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Neuroscientists construct 3D facial models using data from a person’s brain when remembering the face of someone familiar


The code that our brains use to tell faces apart has been reverse engineered.

This is because, for the first time, neuroscientists were able to construct 3D facial models using information stored in an individual’s brain when recalling faces of familiar people.

The study, published in the Nature Human Behaviour journal, came about as a way for the researchers to explore how the human brain identifies faces.

“Current cognitive theories are cast in terms of information-processing mechanisms that use mental representations,” the researchers—a team of scientists from the University of Glasgow – said in their study, noting that these mental representations are often used to identify familiar faces under various conditions such as pose, illumination and ageing, as well as to draw resemblance between family members.

However, the actual information contents of these representations are rarely characterized – a fact that, according to the researchers, essentially hinders the understanding of the mechanisms that use them.

In order to fully explore and understand this mechanism, the researchers showed pictures of four of their colleagues’ faces to 14 other university members.

After that, the researchers then set about trying to determine which specific facial features were used by the participants to identify their colleagues’ faces from memory.

The volunteers repeatedly compared their recollection of one of the four real people’s faces with six randomly generated faces of the same age, ethnicity and gender.

The participants then picked the randomly generated face that was most like their memory of the real person’s face and ranked how similar they were.

Afterward, the researchers were able to work backward in order to determine which physical features the volunteers relied on to remember a given face. (Related: Putting a face to a name: Research shows women are better than men at recalling verbal information and faces.)

“It’s difficult to understand what information people store in their memory when they recognise familiar faces. But we have developed a tool which has essentially given us a method to do just that,” said Philippe Schyns, Professor of Visual Cognition at the Institute of Neuroscience and Psychology.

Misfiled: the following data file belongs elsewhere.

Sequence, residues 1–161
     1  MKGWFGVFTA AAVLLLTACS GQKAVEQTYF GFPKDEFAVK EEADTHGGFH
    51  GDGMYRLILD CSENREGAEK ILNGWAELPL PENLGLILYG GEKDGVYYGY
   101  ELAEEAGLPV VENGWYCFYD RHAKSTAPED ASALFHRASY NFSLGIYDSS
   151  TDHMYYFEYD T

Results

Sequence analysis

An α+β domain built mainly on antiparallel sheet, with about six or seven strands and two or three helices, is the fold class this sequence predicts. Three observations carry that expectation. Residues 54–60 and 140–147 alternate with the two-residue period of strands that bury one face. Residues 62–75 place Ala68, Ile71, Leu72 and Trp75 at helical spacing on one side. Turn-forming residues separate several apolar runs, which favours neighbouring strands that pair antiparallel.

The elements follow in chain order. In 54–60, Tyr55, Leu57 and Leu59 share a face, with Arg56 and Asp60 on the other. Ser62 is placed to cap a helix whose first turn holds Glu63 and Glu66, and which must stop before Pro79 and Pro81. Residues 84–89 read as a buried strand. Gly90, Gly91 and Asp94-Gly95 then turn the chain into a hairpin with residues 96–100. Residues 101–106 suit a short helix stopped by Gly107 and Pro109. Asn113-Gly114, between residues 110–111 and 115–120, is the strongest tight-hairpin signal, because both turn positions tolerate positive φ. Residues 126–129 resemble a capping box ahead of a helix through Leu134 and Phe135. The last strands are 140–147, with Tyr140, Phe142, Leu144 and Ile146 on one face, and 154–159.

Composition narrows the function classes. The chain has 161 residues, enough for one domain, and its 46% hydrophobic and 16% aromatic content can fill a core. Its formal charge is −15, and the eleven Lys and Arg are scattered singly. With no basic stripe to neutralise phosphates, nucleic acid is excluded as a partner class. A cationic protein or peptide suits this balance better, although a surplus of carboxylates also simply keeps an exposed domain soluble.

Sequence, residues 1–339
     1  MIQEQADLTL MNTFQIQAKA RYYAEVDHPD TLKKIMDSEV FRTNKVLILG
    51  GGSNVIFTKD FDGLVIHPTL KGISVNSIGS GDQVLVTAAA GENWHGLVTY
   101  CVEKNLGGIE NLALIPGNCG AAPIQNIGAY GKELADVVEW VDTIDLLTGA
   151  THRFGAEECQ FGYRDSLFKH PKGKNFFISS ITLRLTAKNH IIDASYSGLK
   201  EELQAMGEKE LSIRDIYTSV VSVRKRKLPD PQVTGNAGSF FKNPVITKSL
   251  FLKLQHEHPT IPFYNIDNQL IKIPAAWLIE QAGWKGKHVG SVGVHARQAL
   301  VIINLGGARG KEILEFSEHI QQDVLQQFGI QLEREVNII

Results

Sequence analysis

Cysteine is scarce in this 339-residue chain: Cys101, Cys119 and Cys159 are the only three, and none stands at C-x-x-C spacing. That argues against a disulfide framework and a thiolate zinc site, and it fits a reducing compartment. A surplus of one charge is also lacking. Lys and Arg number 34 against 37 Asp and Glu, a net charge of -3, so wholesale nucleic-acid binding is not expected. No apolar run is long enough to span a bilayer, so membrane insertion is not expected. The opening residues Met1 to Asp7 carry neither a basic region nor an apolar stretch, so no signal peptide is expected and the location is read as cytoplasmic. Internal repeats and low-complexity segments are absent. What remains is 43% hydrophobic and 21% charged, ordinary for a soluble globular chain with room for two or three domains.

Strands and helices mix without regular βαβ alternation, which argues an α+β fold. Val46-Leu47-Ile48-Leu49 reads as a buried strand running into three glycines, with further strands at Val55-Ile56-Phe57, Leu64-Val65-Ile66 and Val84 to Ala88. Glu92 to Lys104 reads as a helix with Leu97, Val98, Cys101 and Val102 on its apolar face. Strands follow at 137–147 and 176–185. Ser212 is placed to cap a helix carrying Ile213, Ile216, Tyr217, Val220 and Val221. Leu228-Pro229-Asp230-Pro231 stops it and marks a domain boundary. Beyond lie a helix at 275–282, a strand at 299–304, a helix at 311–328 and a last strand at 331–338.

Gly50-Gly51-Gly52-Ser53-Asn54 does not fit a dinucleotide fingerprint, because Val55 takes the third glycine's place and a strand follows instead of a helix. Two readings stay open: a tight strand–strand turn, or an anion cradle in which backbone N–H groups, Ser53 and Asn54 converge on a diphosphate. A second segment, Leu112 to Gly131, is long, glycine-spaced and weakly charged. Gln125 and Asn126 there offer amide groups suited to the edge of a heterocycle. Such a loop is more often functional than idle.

“By reverse-engineering the information that characterises someone’s identity, and then mathematically representing it, we were then able to render it graphically,” Schyns added.

Once they gathered the results from the initial study, the researchers then used a database of 355  faces, each of which was characterized by its shape and texture, to create a generative model of 3D face identity.

The research team then used this model to test the validity of the initial results – a feat they performed by pooling together a new set of participants and asking them to rate the similarities between their recollections of a familiar face with the model’s randomly generated faces.

According to the researchers, by keeping the same shape and texture information relating to age, ethnicity and sex as the real faces, they could isolate each face’s unique identity information.

“Our work highlights that such models of mental representations are critical to understanding generalization behaviour and its underlying information-processing mechanisms,” the researchers concluded in their study.

The study is now seen to become a cornerstone for the greater understanding of the brain mechanisms behind face identification and might see potential applications such as the generation of faces in fields such as artificial intelligence (AI), video games and even criminal justice.

Sources include:

DailyMail.co.uk

Nature.com

NeuroScienceNews.com



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